How to Upholster a Chair – Part 4: Sewing Double-Cord Welting

Here are the other steps in this series: Part 1, Part 2, Part 3, Part 5 There are lots of ways to trim out a chair. Probably the easiest thing to do is buy a ready made welting or gimp. If you get something at the store in a contrasting color it looks less lame/generic. But if you’re up…

Here are the other steps in this series: Part 1Part 2Part 3Part 5

There are lots of ways to trim out a chair. Probably the easiest thing to do is buy a ready made welting or gimp. If you get something at the store in a contrasting color it looks less lame/generic. But if you’re up for it, I think a self welt is the best option. Double cord welting is awesome for DIY upholstery projects, because it covers a pretty wide area and makes sloppy stapling jobs look great.

Making your own double cord welting is actually pretty easy. Here are the simple steps:



Lay your fabric down and fold it at a 45 degree angle. Cut an inch or two in (depending on if you are doing single or double welting) along the diagonal angle (also called the bias). Cutting fabric on the bias makes it super stretchy – perfect for hugging all the curves of the chair.

You’ll need lots of piping, so cut plenty of strips.



I used the strips of fabric to stretch around the perimeter of chair parts to figure out generally how much cording I needed for each area (like the seat back, the chair bottom, the arms, etc.). You’ll need to piece the strips together to make cording long enough for each area. Just run a stitch down two pieces, one facing up, the other down, in a upside-down V.


You can buy unfinished cotton cording in all sizes at your local fabric store. It’s very inexpensive – usually ten or 25 cents a yard. I used about 40 yards for my two chairs.

The basic idea is very easy. Lay the cording down on your long strip of fabric, fold over the strip and sew in a straight line about a 1/4″ inset. You can use a zipper foot here, but my regular walking foot was fine here.


Once that cording has been sewn in, lay down a second piece of cording and roll the whole thing over:




Then simply stitch down the middle, between the two pieces of cord.




When you’re finished sewing, trim off the extra fabric close to the seam and you’re done!



I used only Magna-tac to attach my welting to the chair frame. Like I mentioned earlier, the glue dries very fast and the hold is very sturdy. I worked in about 10″ lengths. I’d apply the glue directly to the cording, wait for just a few seconds for the drying process to get going, then then I pushed the cording down hard into the staples and gaps in the fabric.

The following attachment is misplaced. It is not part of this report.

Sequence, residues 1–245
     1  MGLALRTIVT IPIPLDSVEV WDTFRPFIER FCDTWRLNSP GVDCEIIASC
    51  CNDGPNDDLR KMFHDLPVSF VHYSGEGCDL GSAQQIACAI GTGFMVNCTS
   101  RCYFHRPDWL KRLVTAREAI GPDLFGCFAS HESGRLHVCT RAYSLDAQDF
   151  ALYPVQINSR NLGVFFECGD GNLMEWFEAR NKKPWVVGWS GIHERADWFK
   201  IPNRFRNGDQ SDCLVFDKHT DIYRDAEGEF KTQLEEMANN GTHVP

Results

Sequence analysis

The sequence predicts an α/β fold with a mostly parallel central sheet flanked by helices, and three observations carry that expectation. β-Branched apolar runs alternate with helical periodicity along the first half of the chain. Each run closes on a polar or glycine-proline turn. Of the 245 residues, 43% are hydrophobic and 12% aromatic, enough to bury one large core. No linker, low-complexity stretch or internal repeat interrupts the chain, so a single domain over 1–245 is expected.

While the glues dries very fast, it’s a good idea to keep coming back to push in the welting into place while you’re working on the rest of the chair. By the time you finish, everything will be securely glued and sitting where it’s supposed to!




It helps to really get in the grooves if you sort of pinch the cording together, almost in half.





The bias cut welting really does well with corners. It’s super easy to apply with all the stretch and give! If you don’t have enough fabric to make bias-cut piping, you can definitely make piping with strips of fabric cut on a straight edge, there will just be more wrinkles and it will be tricky to get your corners completely covered.



There are a couple ways to stop your welting. Probably the cleanest looking method is to roll under the edges, but my piping was too thick, so I just cut the start and stop pieces on an angle. I cut the stop piece a little long. This helped for squishing the cording together and covering up the white parts. I also glued the inside/cut edge of the cording.





Not completely noticeable, right?




I love how upholstery projects absolutely come to life when the trim is added! Home stretch!



Last step is up next – sewing the cushion! Hint: if you can sew a pillow, you can make a cushion slip cover.



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57 thoughts on “How to Upholster a Chair – Part 4: Sewing Double-Cord Welting

  1. What absolutely brilliant work you’ve done! Thanks for the fantastic tutorials. I’m going to be using them when I recover my carvers and dining room chairs. Best ‘hint’ ever… take lots of photographs. And I love that I don’t have to worry about how to get the fabric sorted around the arms of the carvers. I was stressing about that.

    Thanks again for all the work you’ve put into this tut. I really appreciate it.

  2. Hi what a fabulous project, just a little add on if you don’t have enough fabric to make the piping on a bias there is a method to get the most out of your straight piece of fabric.
    Make a tube out of your fabric, off setting the seam by the width you want the piping fabric to be. You then start to cut at the offset edge and continue cutting continuously around the tube at the width required. This will give you yards of piping fabric. This is not a true bias but works much better than straight lengths.

  3. Thank you so much. My daughter and I just finished replacing the cane backs (2 sides) on her dining room chairs. Even though I’ve done lots of reupholstery, it was wonderful to have such a clear, concise set of instructions to follow.

  4. Thanks so much for your specific, step-by-step instructions. They have been my guide in reupholstering a pair of Bergerelike chairs—right down to the glue selection. That stuff sticks! Also, made my own trim with your guidance, Never would have attempted this without your blog. Thanks again.

  5. great tutorial, clear and easy to follow! thanks!
    a questions, what diameter cord did you use?

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